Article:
All animal lovers believe they can communicate with their
pets. Whether it be communication occurring because you share that knowing look
that says “don’t even think of it…”, a “yes, yes I know…” in response to a
howl/meow/neigh or squawk, or unique “language” you and your pet have – you totally
know how to “talk” to your Bella, Benjji, Gizmo, Max, Socrates, Misty or Polly.
But sometimes pets, and in the case of this blog dogs, are masters at hiding
pain or illness. This requires your careful observation and fur-parent
intuition to notice if something is up with your pup (and other pets).
Here are 13 signs you need to watch out for in your dog to
make sure you catch illness, ailments or sickness early on.
#1 Oh Pooch – Changing Behaviour/Patterns
A change in behaviour is a massive warning sign that something is up with your doggie. You know your doggie best; trust your instincts if there is just something “off” about your pooch and take him/her to the vet.
Any change in behaviour, example: your dog becomes
excessively clingy, moody, lethargic, irritable, and agitated, or has strange
actions/reactions, a change in energy levels, or spells of anxiety … then there
is a large chance of illness or something bugging them.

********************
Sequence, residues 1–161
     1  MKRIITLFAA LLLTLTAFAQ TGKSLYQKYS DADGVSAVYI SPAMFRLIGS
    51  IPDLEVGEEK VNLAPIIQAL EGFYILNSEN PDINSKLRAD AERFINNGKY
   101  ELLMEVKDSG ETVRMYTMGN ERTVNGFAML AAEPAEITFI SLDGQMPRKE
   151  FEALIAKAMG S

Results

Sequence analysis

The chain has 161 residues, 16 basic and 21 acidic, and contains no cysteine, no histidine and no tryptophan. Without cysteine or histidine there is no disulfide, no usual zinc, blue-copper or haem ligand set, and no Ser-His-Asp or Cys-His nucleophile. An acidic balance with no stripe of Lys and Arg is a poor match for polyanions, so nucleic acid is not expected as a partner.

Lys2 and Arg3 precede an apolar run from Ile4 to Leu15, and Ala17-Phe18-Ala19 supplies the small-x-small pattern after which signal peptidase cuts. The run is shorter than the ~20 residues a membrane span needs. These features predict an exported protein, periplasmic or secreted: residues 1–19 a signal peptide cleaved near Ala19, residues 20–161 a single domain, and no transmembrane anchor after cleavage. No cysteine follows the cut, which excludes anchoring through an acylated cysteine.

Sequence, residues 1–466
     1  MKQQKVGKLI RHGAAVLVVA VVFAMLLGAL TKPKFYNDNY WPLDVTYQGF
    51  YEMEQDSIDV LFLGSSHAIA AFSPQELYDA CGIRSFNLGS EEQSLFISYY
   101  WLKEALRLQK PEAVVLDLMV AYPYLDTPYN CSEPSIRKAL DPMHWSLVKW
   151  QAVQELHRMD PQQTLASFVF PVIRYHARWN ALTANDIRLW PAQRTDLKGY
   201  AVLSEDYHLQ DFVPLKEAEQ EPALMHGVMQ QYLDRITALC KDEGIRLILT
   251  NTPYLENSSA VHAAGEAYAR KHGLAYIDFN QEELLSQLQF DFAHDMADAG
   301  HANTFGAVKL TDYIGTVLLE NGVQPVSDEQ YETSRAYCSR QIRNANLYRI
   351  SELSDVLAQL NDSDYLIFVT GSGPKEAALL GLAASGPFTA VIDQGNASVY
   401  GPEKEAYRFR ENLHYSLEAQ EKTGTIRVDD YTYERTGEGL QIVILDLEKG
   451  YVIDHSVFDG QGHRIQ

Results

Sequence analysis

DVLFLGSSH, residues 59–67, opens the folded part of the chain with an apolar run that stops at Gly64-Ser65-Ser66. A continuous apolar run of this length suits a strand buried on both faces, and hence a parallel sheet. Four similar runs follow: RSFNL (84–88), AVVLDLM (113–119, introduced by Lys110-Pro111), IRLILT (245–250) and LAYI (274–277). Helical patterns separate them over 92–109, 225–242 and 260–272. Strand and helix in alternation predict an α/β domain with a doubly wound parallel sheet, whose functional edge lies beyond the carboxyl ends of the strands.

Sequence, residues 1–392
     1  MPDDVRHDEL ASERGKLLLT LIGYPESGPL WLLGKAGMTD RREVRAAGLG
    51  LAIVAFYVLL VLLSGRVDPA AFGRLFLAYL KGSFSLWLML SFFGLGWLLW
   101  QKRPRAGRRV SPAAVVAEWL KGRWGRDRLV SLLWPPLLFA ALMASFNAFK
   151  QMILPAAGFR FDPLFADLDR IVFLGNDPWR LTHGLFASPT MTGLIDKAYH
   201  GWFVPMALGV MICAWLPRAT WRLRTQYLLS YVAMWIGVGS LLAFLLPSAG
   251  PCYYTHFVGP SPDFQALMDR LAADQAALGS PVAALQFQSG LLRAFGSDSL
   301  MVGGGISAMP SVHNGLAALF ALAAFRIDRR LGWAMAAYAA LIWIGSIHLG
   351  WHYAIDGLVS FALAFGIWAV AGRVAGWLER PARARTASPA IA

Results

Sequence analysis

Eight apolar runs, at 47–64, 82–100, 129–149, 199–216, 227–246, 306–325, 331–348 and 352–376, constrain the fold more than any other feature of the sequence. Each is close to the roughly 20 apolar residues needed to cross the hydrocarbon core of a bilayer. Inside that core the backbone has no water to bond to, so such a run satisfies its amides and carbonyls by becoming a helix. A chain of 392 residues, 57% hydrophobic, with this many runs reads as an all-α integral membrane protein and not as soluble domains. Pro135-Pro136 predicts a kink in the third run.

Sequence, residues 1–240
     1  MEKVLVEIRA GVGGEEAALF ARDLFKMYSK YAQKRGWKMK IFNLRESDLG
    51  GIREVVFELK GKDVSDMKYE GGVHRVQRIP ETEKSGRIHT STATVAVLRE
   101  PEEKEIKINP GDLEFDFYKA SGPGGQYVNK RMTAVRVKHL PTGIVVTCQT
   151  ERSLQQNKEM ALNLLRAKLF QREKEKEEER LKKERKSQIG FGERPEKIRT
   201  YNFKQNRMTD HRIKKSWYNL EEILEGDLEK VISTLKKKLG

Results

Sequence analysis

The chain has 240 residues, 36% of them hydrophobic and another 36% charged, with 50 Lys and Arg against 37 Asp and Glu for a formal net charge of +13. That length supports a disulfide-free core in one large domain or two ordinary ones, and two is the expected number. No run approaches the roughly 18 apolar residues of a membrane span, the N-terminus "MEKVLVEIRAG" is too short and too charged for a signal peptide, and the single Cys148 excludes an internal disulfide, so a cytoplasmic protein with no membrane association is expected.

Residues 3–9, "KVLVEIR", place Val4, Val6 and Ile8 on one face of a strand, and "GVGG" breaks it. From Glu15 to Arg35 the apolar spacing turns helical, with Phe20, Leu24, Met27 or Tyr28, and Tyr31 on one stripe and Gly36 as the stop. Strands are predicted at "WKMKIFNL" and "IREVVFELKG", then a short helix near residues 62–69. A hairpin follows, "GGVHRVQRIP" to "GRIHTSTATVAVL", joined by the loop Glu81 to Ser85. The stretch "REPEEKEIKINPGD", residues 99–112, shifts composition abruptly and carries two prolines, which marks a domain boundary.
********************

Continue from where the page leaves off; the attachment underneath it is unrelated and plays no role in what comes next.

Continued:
#2 Cranky Canine Syndrome – Snappy/Grumpy/Agitated Doggy
Once again you know your dog. If your happy-go-lucky “lapdog”
suddenly becomes snappy or snarly, there is probably something up. Even if your
pup is a little grouchy in general and there is intensified grumpiness or
snarling – it’s worth checking it out at a vet.
Also, if your pooch is snappy, grumpy, or agitated, try to take
note of what may be causing this or what area elicits the negative response.
Did you pick your dog up? Pat them on the head?
Tickle their tummy? There can be a whole range of things wrong from
arthritis, ear infection, abbess, and even something as hectic as cancer.
#3 A Dog-Eat-Dog World – Isolation
On the other side of the dog’s tail,
your dog may not elicit a response at all. They may disappear, hide, isolate themselves,
become anti-social, not want to leave their bed or may start lying in remote
areas (under the porch, or bushes etc.). Dogs and pets, in general, are often